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Odessa, One of the East Village’s Last 24-Hour Restaurants, Will Close This Week After 26 Years

Manager Dennis Vassilatos attributed the closure to the COVID-19 downturn

The interior of a closed diner, where chairs are overturned onto tables and bottles of ketchup, salt, and pepper are still propped onto tables Gary He/Eater

The East Village’s landmark Ukrainian diner, Odessa Restaurant, will permanently close this week, its owners say. Several news outlets reported the closure over the weekend, but manager Dennis Vassilatos confirmed to EV Grieve this morning that the restaurant’s last day of business would be Sunday, July 19.

Vassilatos — an employee with the restaurant since 1990, when he worked at neighboring Odessa Cafe and Bar — confirmed that Odessa was closing due to “the significant loss of business during the COVID-19 crisis,” EV Grieve reports. The closure had nothing to do with rent, he says, as Odessa co-owner Mike Skulikidis is also the landlord of the building.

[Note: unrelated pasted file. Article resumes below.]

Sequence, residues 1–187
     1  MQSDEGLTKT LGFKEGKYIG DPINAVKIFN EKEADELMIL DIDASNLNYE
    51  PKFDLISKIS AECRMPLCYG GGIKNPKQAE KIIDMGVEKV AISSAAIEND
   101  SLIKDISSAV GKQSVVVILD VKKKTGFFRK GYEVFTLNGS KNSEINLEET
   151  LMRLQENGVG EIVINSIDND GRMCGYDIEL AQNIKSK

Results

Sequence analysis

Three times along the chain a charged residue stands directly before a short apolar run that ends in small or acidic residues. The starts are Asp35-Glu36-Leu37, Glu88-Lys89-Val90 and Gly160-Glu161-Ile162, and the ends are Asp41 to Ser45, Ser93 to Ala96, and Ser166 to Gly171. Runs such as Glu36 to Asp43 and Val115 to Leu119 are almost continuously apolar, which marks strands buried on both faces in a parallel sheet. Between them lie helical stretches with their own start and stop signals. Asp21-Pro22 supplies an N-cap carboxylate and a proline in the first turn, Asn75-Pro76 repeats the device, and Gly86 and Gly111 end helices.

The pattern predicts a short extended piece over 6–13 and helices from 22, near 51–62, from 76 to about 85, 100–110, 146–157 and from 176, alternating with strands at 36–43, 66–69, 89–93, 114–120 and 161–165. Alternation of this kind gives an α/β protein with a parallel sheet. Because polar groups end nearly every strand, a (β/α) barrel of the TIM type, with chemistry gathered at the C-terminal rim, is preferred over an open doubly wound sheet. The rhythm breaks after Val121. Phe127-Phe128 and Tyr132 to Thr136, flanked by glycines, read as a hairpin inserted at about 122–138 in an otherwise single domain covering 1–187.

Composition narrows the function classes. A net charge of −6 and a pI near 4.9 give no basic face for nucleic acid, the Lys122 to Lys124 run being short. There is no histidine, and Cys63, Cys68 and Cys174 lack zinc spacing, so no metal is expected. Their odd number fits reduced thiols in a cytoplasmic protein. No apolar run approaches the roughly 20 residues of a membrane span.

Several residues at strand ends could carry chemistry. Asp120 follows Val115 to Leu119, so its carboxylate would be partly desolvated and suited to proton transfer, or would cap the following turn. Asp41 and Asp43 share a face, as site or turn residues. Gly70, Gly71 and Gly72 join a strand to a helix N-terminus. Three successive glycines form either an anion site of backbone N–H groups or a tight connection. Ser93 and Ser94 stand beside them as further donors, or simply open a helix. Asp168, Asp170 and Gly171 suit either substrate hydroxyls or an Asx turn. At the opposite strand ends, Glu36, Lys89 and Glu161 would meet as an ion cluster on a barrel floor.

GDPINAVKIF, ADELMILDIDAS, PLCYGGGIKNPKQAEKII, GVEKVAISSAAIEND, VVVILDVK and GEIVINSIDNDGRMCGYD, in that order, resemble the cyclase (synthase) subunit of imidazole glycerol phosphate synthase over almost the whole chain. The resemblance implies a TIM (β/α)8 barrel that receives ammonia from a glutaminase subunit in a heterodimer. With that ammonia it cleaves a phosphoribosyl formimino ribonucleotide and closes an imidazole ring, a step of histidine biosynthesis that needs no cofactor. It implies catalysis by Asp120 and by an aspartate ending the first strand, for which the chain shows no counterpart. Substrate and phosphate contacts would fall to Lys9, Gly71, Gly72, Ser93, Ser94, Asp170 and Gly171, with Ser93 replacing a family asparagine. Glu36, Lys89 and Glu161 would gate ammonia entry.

Odessa Restaurant opened on Avenue A back in 1994 as a 24-hour spin-off to the longstanding Odessa Bar and Cafe next door. The bar, which closed in August 2013 due to rent increases, dates back to 1965. For the last 26 years, Odessa has been serving meat-stuffed cabbage, pierogies, and an assortment of Eastern European dishes, along with tuna melts and other late-night diner fare popular with residents in the neighborhood. This week, after a combined 40 years, the Odessa name will permanently depart from the East Village.

Commenters on Twitter and other social media platforms mourned the loss of the restaurant, which they say is one of the last remaining 24-hour restaurants in the neighborhood for late-night workers and local revelers. The diner remains open for takeout and delivery until Sunday, July 19. Order by calling the restaurant at (212) 253-1482.


119 Avenue A, New York, NY 10009 (212) 253-1470 Visit Website